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2 hours ago, 34student said:

So if each observer sees the same particle in a different position, how is that not a superposition of position?

If you place your finger about a foot away from your face, and you look at it with one eye closed, you see it in a certain position relative to the background.
If you then close the open eye, and open the other one, you see your finger in a different position relative to the background.
Do you think your finger moved ???
Is it in two places at once ???
Is that a superposition of ststes ???

Or is it simply your viewpoint that has changed ?

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41 minutes ago, 34student said:

length contraction

Why do you speak of only length contraction and never mentioning time dilation in this context?

42 minutes ago, 34student said:

Of course the structure of the universe has changed because of length contraction.

Can you support that claim with a reference to relativity?

 

45 minutes ago, 34student said:

An object in the train's path is still going to get struck, etc

From the point of view of the passengers on the train they, and the train, are not moving. And from the same point of view (the passengers on the train) an object in the trains path will appear to be moving towards the train and strike the train. 

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33 minutes ago, MigL said:

If you place your finger about a foot away from your face, and you look at it with one eye closed, you see it in a certain position relative to the background.
If you then close the open eye, and open the other one, you see your finger in a different position relative to the background.
Do you think your finger moved ???
Is it in two places at once ???
Is that a superposition of ststes ???

Or is it simply your viewpoint that has changed ?

But aren't we assuming that length contraction is not just an illusion?  In that case, when you and I say "see it in a different position" doesn't this really mean, "is in a different position"?  

26 minutes ago, Ghideon said:

Why do you speak of only length contraction and never mentioning time dilation in this context?

I do not know what context you are referring to because you cut out only "length contraction".

27 minutes ago, Ghideon said:

Can you support that claim with a reference to relativity? 

Relativity says that length contraction is not just an illusion.  So when a sufficiently fast particle turns Earth into a pancake, then I have to figure that this changes the structure of the universe from what it would have been if there were no such frame of reference from the particle.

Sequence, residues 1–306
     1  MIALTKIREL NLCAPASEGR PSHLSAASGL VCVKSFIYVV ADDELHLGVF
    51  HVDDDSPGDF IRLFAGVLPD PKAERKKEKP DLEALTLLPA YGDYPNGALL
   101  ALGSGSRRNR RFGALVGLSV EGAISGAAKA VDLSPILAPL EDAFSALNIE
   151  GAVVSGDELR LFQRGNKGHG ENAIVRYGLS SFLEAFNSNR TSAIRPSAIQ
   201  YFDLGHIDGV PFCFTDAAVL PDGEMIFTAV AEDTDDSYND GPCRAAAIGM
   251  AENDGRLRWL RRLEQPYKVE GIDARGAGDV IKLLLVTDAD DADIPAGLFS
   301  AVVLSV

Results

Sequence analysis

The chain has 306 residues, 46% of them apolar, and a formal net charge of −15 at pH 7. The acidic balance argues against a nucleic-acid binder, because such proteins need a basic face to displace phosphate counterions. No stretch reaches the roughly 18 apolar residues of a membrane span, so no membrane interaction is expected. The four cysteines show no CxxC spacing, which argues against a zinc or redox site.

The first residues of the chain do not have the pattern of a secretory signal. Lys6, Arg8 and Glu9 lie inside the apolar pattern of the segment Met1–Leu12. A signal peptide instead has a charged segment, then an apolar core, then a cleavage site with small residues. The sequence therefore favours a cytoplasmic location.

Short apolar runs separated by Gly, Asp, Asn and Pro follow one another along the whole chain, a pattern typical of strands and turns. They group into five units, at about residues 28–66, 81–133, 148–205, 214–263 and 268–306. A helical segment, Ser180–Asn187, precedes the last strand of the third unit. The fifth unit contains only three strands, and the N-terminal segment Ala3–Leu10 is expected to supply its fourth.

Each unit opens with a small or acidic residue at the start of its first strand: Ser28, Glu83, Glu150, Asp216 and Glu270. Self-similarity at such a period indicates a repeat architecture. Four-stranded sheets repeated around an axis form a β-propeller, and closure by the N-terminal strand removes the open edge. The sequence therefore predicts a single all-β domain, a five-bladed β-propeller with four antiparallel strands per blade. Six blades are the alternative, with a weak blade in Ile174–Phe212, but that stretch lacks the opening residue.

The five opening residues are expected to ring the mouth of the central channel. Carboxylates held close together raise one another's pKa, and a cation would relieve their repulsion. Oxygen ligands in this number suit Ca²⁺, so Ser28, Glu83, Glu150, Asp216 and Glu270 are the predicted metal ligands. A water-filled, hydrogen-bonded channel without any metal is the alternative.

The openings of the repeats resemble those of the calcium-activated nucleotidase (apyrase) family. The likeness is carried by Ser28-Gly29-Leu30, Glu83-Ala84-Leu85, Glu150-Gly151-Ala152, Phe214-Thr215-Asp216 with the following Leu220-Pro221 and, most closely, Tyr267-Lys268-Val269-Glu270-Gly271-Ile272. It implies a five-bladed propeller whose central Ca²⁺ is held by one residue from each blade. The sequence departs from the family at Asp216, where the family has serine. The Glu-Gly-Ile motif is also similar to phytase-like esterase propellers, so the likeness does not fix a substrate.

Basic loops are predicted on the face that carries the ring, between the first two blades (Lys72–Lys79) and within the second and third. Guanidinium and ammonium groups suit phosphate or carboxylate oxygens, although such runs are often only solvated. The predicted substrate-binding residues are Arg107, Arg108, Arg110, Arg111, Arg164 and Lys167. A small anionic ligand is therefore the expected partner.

33 minutes ago, Ghideon said:

From the point of view of the passengers on the train they, and the train, are not moving. And from the same point of view (the passengers on the train) an object in the trains path will appear to be moving towards the train and strike the train. 

Yes, but the outcomes are the same.  The outcomes are not the same in the muon evidence of length contraction.  Something different happens because of the length contraction than if there were no length contraction, specifically the impact on the Earth's surface vs not impacting it without length contraction.

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1 hour ago, 34student said:

I tried to explain in the following sentences.    

But the different shape from length contraction causes the muon to interact with the universe in a different way than if there were no length contraction.  Of course the structure of the universe has changed because of length contraction.

The length is different, but nothing has changed.

 

1 hour ago, 34student said:

You are not paying attention to what I am saying.  Your argument about the relativity of kinetic energy of the train is not the same as the relativity of the difference in shape from a length contraction (keep reading because I am about to explain why.).  

The length contraction from muon's frame of reference actually causes something different to happen, such as impacting the Earth's surface when it should have decayed before making it to the surface. 

Should have? There’s no situation where they should have decayed, because that’s not in accordance with the laws of physics. You can’t make the comparison to what happens if the laws of physics are different. That’s ridiculous.

 

1 hour ago, 34student said:

The change in shape actually causes something different to happen than if there were no length contraction from the muon's frame of reference. 

It’s not a change in the shape. The shape depends on the frame of reference. 

1 hour ago, 34student said:

But with the kinetic energy of the train versus no kinetic energy from the passengers' point of view, nothing different will happen.  An object in the train's path is still going to get struck, etc.

But you’re arguing based on one set of physics laws and some other set of laws. Surely I get to fabricate the same thing. 

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20 hours ago, 34student said:

I told you in my last post to you that I agreed that distance is not physical, not spacetime.  Spacetime is clearly physical.

Clearly space, time, spacetime are not physical entities. That does not mean they are not real, and validated as real by the effects they have on light, mass, energy, orbits etc.

Just as clearly, distance are spacial dimensions that exist in space, and time obviously the 4th dimension. Your distances whatever they are can only occur in space....no space, no distance, no time, no nothing.